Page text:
The time of year and soot levels are both factors.

By Jenn Sinrich
December 10, 2020
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neutral-colored dining room with black fireplace

On your laundry list of things to get done this winter, cleaning out your fireplace or chimney might not make it to the very top. Experts say it should be a priority, though—especially if yours hasn't been cleaned in a few years. The reason why? One of the main causes of chimney fires is caused by the build-up of creosote, a byproduct of burning wood, in the chimney interior, warns Andrew Wilson, a home improvement contractor from Contractor Advisorly. "While you can take certain steps to reduce the amount of creosote that gets created, you can't prevent it from growing, which makes cleaning your chimney a must-do task," he says.

Another incentive for cleaning your chimney is that it makes it more energy efficient. "As debris builds up, it will often clog up the chimney flue liner," he says. "When the liner gets clogged, it can inhibit fire operation." While there is no single standard for how often you should clean your chimney, Wilson recommends doing so at least once a year, especially if you use it frequently. Here are some other factors worth considering to determine when it's the right time to have your fireplace and chimney cleaned.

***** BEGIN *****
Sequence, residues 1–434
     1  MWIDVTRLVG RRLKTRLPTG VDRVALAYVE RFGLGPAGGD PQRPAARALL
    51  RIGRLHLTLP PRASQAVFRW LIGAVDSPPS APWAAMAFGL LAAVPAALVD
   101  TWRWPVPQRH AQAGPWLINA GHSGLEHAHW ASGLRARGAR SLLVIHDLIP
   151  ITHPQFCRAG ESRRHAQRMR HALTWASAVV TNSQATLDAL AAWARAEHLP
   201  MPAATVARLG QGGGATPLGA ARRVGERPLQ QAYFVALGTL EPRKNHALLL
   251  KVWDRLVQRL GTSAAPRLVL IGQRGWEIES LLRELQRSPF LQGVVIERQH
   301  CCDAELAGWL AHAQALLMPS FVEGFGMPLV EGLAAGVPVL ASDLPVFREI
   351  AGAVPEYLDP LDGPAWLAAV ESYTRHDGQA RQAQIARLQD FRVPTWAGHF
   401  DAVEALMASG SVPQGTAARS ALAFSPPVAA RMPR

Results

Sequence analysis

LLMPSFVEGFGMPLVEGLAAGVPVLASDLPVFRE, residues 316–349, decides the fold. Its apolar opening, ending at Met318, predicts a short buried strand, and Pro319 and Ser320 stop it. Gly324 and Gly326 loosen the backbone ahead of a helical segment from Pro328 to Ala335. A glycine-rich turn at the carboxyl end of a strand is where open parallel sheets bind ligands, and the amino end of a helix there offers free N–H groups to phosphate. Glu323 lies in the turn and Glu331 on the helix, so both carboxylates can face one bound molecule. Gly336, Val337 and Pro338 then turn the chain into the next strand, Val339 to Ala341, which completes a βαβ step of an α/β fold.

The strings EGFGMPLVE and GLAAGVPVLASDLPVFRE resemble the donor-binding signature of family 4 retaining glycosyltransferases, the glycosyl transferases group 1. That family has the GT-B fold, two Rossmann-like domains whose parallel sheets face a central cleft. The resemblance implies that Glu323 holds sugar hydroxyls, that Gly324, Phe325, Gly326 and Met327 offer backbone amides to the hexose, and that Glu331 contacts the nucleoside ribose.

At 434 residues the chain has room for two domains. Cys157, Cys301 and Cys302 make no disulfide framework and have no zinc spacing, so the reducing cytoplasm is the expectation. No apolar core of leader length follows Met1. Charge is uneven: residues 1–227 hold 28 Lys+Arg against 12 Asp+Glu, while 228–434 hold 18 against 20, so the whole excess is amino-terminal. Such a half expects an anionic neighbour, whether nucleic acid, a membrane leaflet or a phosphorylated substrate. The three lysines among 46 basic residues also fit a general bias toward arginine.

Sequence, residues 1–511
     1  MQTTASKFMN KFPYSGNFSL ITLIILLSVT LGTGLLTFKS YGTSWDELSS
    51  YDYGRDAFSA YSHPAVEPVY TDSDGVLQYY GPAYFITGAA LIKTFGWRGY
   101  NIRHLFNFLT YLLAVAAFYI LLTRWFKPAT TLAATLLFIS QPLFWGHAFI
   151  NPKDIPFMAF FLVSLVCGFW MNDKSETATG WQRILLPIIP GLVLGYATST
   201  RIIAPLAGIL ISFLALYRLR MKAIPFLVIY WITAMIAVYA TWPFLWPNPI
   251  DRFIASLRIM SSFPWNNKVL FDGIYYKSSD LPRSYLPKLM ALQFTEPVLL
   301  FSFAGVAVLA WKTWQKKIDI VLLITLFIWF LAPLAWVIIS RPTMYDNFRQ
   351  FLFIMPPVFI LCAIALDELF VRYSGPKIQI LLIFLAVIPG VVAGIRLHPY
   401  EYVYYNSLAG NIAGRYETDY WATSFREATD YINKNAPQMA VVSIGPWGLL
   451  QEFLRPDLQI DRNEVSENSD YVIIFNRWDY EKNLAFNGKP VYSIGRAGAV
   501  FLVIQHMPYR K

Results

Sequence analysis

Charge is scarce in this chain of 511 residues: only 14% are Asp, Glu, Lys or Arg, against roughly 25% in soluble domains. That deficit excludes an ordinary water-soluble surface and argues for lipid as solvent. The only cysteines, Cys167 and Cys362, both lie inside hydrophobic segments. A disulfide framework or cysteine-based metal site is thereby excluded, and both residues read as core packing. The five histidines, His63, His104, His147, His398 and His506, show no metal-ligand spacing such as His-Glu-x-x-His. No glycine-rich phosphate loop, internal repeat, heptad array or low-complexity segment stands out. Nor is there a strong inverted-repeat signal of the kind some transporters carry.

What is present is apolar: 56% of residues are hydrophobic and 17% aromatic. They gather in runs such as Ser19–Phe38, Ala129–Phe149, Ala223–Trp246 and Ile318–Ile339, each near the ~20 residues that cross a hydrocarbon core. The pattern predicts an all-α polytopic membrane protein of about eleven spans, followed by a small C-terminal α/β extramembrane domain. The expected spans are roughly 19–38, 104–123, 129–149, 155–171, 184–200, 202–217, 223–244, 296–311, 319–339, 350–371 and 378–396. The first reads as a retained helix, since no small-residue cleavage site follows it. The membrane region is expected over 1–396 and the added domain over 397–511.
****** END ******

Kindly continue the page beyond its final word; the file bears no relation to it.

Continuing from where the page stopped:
Consider the season.

The start of fall is often the best time to clean your chimney because it's right before you're likely to start using it more often. "In order to reduce the dangers of creosote, cleaning the chimney before you start to use it often is crucial to reducing fire hazards," says Wilson. "Another incentive for cleaning your fireplace or chimney in the fall is that hiring a professional to do the work for you is usually cheaper this time of year, as opposed to winter when they are busier." That said, you can have your fireplace and chimney professionally cleaned at any point during the year.

You're starting to smell burning wood.

Another sign that you need to clean the chimney is when you start to smell burning wood—even when the chimney is not being used, notes Wilson. "This smell is often caused by creosote deposits inside the chimney," he says. "When it comes to the point where it's strong enough to smell, then it means there is a large enough amount that should be cleaned out."

You can see soot.

Wilson suggests visually inspecting the chimney to check for any soot that is at least one-eighth of an inch thick. If you find any, it's time for a cleaning. "Any large accumulation of soot will often make it possible for a chimney fire to occur," he concludes.

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